The Wick Avenue neighborhood developed after the Civil War into Youngstown’s premier address during the late nineteenth century. The city’s industrial and financial leaders built sprawling mansions surrounded by lush gardens and manicured lawns to share with their families and friends. Over the past century, Wick Avenue underwent a transition as cultural and educational institutions occupied or replaced many of the former mansions in this neighborhood. Commercial development also occurred as the central business district in downtown Youngstown expanded northward, and Youngstown State University grew to the north and west from the original YMCA collegiate building (now Jones Hall) at Wick and Lincoln Avenues.
At the time of the American Bicentennial, the Wick Avenue neighborhood received historic district designation on the National Register of Historic Places. At the end of the twentieth century, the entire Wick Avenue corridor, from Wood Street to the Madison Avenue Expressway, was a cultural district anchored by YSU and including several churches, museums, libraries and educational and charitable organizations.
Walking Wick Avenue will be a regular topic and will highlight the many historic buildings included on the Historical Society’s walking tour.
We’ll start with the Holy Trinity Romanian Orthodox Church, 626 Wick Avenue, originally the home of Charles D. Arms.
Charles D. Arms, a local industrialist, built this house in 1881. The three-story residence is in the Romanesque Revival style, with its masonry structure and rounded, arched windows. The Holy Trinity Romanian Orthodox Church purchased the building in the early 1940s and dedicated the church in 1946. Arsene Rousseau remodeled it for use as a church and retained the original imported cherry and mahogany interior woodwork especially in the sanctuary. The cantor’s lectern in the sanctuary was made from a bed left in the house by the Arms family. Prior to the house being remodeled as a church, rumors about haunting made the house an interesting feature of Wick Avenue especially to young men and women.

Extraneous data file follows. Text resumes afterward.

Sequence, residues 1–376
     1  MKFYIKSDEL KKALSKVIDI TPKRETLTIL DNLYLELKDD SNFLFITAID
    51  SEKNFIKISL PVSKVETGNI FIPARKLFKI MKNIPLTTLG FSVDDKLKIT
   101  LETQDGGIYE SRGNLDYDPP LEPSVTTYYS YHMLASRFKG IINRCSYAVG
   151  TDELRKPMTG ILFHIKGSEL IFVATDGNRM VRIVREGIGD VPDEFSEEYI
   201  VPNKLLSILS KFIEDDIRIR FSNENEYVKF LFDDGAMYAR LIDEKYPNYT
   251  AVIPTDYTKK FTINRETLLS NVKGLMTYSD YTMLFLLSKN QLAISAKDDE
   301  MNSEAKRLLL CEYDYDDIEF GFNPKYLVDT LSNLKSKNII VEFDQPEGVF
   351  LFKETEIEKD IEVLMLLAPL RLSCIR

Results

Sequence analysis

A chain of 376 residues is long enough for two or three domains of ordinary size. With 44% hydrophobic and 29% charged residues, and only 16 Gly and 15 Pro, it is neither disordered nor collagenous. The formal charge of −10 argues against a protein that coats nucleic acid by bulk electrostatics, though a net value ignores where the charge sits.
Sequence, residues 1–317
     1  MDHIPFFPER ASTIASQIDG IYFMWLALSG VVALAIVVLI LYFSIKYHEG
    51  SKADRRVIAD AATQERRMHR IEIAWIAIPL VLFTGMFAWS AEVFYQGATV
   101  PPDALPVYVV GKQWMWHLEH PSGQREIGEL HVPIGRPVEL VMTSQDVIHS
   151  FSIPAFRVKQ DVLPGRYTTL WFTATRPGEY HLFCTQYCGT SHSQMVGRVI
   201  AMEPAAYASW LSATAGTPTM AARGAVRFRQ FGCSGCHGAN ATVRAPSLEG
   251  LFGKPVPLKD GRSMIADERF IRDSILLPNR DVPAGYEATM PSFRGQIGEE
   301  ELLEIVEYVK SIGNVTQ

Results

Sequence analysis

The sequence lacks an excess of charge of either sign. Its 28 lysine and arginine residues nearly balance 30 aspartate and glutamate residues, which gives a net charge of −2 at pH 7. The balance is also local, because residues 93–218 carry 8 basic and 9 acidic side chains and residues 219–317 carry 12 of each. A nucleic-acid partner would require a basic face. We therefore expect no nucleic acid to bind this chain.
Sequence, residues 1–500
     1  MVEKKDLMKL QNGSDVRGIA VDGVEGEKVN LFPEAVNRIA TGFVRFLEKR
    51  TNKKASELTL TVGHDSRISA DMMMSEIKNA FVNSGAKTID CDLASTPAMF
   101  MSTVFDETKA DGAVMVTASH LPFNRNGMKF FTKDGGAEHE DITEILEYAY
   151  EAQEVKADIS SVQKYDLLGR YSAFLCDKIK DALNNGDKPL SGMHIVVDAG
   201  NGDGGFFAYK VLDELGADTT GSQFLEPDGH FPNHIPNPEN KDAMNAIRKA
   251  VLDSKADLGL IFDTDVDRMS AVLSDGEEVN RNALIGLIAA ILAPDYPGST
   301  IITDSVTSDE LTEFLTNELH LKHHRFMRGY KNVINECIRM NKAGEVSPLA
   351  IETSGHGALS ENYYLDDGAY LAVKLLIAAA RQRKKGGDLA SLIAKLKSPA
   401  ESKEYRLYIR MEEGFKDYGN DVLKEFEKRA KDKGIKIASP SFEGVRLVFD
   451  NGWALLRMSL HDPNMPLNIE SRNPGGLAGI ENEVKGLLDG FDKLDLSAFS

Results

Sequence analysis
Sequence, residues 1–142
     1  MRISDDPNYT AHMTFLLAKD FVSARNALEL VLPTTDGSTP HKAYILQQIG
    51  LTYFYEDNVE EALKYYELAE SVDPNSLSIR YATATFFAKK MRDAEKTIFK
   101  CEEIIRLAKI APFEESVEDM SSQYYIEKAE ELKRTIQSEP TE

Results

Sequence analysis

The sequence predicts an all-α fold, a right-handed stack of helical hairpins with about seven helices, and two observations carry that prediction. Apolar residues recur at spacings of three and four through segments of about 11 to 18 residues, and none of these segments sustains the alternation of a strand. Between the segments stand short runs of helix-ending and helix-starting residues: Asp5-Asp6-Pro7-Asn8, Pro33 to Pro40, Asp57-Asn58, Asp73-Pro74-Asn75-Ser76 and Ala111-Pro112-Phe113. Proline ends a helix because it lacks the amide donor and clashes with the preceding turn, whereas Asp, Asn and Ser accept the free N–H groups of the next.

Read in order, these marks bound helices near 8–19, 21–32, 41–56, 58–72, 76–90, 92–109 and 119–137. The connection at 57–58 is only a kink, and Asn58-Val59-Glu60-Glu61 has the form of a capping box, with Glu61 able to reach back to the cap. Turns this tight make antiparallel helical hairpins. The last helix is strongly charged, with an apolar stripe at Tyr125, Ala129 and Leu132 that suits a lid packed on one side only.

The University Library is named for the late William F. Maag, Jr., a Harvard graduate, trustee of Youngstown College, and editor and publisher of the Youngstown Vindicator. The Maag Library at Youngstown State University was designed by C. Robert Buchanan and Associates and George Tanner Smith and Associations. Taking almost three years to complete, the … Continue reading Walking Wick Avenue – Maag Library
Butler North Annex Previously known as First Christian Church 562 Wick Avenue The First Christian Church’s congregation, affiliated with the Disciples of Christ, was formed in 1841 with 27 members. Originally housed in downtown Youngstown, this church was dedicated in 1934. The current church is Late Gothic Revival and is constructed of limestone. First Christian … Continue reading Wick Avenue – Butler Institute of American Art
Built in 1865-66 by Emeline Warner Arms, the widow of Myron I. Arms, this house was originally in the Italianate style. It was remodeled in the early 20th century to reflect the contemporary Mediterranean style with a tile roof, stucco exterior cladding, and front porch with Tuscan columns. Myron Arms was the owner of the … Continue reading Wick Avenue – Alumni House
The Wick Avenue neighborhood developed after the Civil War into Youngstown’s premier address during the late nineteenth century. The city’s industrial and financial leaders built sprawling mansions surrounded by lush gardens and manicured lawns to share with their families and friends. Over the past century, Wick Avenue underwent a transition as cultural and educational institutions … Continue reading Wick Avenue – A Corridor of History, Culture & Community